By integrating blockchain technology into banks, consumers can see their transactions processed within seconds or minutes, the time it takes to add a block to the blockchain, regardless of holidays or the time of day or week. With blockchain, banks also have the opportunity to exchange funds between institutions more quickly and securely. In the stock trading industry, for example, the settlement and clearing process can take up to three days (or more for international trading), which means that money and shares are locked up for that period of time.

Given the magnitude of the amounts involved, even the few days the money is in transit can entail significant costs and risks for banks.


Blockchain forms the basis for cryptocurrencies like Bitcoin. The US dollar is controlled by the Federal Reserve. In this central authority system, a user's data and currency are technically at the discretion of their bank or government. If a user's bank is hacked, their private information is at risk. If a user's bank fails or the user lives in a country with an unstable government, the value of their currency may be at risk. In 2008, several failing banks were saved - in part using taxpayer money. These are the concerns from which Bitcoin was conceived and developed.

By spreading its operations across a network of computers, the blockchain allows Bitcoin and other cryptocurrencies to operate without the need for a central authority. This not only reduces risk but also eliminates many processing and transaction fees. It can also provide those in countries with unstable or underdeveloped currencies or financial infrastructure with a more stable currency with more applications and a wider network of individuals and institutions to do business with, both domestically and internationally.

Using cryptocurrency wallets as savings accounts or as a means of payment is particularly significant for those who do not have state identification. Some countries may be torn apart by war or have governments that do not have proper infrastructure to provide identification. Citizens of such countries may not have access to savings or brokerage accounts - and thus have no way to securely store their wealth.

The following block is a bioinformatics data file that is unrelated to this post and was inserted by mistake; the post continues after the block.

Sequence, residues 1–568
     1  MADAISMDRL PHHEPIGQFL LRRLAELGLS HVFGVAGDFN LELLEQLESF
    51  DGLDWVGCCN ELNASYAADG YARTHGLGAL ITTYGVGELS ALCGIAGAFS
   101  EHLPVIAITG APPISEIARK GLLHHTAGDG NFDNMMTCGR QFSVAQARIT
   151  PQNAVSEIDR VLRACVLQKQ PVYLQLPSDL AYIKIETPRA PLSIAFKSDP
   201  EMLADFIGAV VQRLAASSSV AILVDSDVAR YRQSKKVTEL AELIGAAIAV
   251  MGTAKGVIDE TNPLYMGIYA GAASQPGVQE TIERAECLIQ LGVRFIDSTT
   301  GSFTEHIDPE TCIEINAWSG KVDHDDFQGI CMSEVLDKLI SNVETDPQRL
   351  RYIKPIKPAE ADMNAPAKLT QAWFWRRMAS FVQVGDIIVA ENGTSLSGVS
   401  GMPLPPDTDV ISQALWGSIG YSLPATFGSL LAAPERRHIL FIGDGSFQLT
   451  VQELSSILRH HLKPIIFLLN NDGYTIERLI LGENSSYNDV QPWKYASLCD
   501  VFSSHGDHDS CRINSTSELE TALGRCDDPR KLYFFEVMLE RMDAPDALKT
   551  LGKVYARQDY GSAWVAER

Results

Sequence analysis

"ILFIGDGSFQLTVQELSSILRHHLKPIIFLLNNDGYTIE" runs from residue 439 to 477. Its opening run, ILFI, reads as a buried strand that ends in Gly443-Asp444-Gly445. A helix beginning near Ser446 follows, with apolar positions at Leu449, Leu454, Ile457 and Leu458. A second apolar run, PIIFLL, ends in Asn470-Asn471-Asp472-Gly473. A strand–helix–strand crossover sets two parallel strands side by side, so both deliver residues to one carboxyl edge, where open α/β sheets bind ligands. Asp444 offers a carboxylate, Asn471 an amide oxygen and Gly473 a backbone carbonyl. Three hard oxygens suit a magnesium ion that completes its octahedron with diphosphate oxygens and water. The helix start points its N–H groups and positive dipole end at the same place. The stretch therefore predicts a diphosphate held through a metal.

Healthcare providers can leverage blockchain to securely store their patients' medical records. When a medical record is generated and signed, it can be written into the blockchain, providing patients with proof and certainty that the record cannot be changed. These personal health records could be encoded and stored on the blockchain with a private key, so that they are only accessible by certain individuals, ensuring privacy.

Smart Contracts

A smart contract is computer code that can be embedded in the blockchain to facilitate, verify, or negotiate a contractual agreement. Smart contracts operate under a set of conditions that users agree upon. When those conditions are met, the terms of the agreement are automatically executed.

For example, suppose a potential tenant wants to rent an apartment using a smart contract. The landlord agrees to provide the tenant with the apartment door code as soon as the tenant pays the security deposit. Both the tenant and the landlord would submit their respective parts of the agreement to the smart contract, which would hold and automatically exchange the door code for the security deposit on the lease start date. If the landlord fails to provide the door code by the lease start date, then the smart contract refunds the security deposit. This would eliminate fees and processes typically associated with using a notary, a third-party mediator, or lawyers.

Supply Chains

As in the example of IBM Food Trust, suppliers can use blockchain to record the origin of the materials they have purchased. This would allow companies to verify the authenticity not only of their products but also of common labels such as "Organic," "Local," and "Fair Trade."

As reported by Forbes, the food industry is increasingly adopting the use of blockchain to track the path and safety of food along the journey from producer to consumer.


As mentioned earlier, blockchain could be used to facilitate a modern voting system. Voting with blockchain could eliminate electoral fraud and increase voter participation, as tested in the November 2018 midterm elections in West Virginia.